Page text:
Fragile balance in the coalition gets more precarious

Fragile balance in the coalition gets more precarious

The fragile balance in the ruling coalition has become more precarious following last Friday’s approval by the government of the Former Yugoslav Republic of Macedonia (FYROM) of the Prespes name deal, which puts the ball in Greece’s court.

Following FYROM Prime Minister Zoran Zaev’s success in his country’s Parliament – the first in a series of three votes required for the deal to be ratified – the focus now shifts to the Greek government, which must also secure approval when the agreement comes to the House here, probably early next year.

However in Greece, it is not just the political opposition that opposes the deal, but the junior coalition partner as well. The differentiation in the stances of Prime Minister Alexis Tsipras and Independent Greeks (ANEL) leader Panos Kammenos were clear in their reactions to the vote outcome in Skopje. Tsipras described the vote as “a big step toward our common success” in a post on Twitter, while Kammenos implied that opposition MPs in Skopje had been paid off. “Who would have thought that in a Europe of values and democracy those who do not vote according to instructions are jailed, and those who comply get a 2 million euro bonus in black money,” he wrote on Twitter.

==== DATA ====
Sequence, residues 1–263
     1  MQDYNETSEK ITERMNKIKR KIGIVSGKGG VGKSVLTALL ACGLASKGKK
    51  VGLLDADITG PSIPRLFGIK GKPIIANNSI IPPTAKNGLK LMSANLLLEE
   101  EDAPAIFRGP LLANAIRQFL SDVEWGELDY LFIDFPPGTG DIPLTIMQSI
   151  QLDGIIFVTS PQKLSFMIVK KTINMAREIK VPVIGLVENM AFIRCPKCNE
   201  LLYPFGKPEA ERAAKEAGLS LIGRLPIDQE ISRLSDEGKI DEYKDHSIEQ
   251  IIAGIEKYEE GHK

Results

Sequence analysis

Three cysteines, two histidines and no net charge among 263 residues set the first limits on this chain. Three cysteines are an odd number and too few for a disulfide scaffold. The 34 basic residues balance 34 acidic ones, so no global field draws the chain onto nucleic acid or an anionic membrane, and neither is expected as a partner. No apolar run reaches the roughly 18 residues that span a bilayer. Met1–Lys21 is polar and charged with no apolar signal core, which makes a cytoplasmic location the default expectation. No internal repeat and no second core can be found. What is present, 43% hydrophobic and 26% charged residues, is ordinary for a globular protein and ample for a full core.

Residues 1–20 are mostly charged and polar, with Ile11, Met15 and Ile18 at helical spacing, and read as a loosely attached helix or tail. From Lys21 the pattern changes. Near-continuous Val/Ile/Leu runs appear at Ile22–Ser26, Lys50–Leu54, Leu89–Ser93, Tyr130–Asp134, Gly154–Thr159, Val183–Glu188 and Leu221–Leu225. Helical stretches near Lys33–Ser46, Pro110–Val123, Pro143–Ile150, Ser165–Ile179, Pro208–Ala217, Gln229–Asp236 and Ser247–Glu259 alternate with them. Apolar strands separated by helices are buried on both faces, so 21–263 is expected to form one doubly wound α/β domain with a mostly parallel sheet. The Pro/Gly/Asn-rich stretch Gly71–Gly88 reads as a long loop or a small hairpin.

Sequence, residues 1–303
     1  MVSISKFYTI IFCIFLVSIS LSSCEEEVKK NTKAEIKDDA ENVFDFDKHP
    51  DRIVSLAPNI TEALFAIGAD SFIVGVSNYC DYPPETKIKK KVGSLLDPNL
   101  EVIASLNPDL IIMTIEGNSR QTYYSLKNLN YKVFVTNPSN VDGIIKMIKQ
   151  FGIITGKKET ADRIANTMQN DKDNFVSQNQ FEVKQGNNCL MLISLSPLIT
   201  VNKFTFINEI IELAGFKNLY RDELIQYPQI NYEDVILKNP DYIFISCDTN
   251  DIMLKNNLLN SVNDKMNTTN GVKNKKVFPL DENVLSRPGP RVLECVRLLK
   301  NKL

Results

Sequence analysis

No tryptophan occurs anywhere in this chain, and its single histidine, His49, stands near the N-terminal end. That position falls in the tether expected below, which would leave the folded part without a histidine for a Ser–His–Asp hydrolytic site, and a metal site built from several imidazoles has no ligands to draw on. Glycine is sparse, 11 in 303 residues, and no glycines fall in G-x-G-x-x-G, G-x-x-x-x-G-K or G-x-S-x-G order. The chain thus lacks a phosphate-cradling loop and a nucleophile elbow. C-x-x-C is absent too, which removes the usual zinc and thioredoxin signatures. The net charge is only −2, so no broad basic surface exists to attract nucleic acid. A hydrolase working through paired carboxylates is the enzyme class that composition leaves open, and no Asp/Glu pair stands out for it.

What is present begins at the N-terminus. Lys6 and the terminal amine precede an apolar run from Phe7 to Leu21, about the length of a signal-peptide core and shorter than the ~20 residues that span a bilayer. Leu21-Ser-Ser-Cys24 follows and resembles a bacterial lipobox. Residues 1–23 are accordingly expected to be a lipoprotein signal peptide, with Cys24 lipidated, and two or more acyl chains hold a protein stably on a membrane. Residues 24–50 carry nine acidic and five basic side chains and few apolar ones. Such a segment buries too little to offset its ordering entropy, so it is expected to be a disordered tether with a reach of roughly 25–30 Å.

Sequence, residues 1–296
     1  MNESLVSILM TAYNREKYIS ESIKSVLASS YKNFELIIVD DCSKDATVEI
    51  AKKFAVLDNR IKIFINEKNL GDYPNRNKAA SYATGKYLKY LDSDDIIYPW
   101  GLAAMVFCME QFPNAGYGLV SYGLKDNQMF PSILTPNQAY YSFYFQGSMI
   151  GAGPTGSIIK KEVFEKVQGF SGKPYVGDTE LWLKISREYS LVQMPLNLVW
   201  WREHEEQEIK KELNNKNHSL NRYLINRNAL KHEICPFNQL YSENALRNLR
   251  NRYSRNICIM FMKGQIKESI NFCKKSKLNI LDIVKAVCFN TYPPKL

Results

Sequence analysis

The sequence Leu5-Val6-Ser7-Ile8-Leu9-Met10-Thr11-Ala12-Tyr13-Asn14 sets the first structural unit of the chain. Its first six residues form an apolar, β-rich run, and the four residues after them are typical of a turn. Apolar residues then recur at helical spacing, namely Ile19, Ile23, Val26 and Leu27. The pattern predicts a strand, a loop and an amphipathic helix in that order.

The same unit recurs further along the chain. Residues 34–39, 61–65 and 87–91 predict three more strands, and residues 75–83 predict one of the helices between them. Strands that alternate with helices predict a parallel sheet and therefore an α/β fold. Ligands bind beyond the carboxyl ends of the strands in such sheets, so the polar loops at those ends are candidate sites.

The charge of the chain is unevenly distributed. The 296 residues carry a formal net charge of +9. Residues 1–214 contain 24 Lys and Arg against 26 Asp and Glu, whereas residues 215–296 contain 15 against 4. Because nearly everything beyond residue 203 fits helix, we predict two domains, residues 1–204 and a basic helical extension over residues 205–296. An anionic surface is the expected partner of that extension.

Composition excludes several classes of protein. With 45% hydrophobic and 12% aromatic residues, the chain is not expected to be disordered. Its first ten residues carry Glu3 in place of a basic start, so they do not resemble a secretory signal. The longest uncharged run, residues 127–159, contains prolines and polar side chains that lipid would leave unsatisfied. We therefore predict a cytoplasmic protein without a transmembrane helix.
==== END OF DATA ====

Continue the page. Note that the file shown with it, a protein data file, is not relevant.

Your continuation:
Tsipras and Kammenos had agreed to put off further discussions of the Prespes name deal until March. However, in light of recent developments, that conversation is likely to happen sooner, even though the vote in Greece’s Parliament is not expected until February.

In a meeting early last week the two men reportedly discussed the shifting balance in the coalition amid reports that three ANEL MPs are considering breaking ranks with Kammenos and backing the name deal.

Despite the differences of opinion, Tsipras seems committed to preserving his alliance with Kammenos for now, preferring to accept the resignation of Foreign Minister Nikos Kotzias with whom Kammenos clashed during a cabinet meeting last week than to face a standoff with his coalition partner.

The political upheaval has reignited speculation of early elections in May.

New Democracy leader Kyriakos Mitsotakis on Saturday called for snap polls, before the Prespes deal comes to MPs, saying it was the only way to scupper the contentious agreement.

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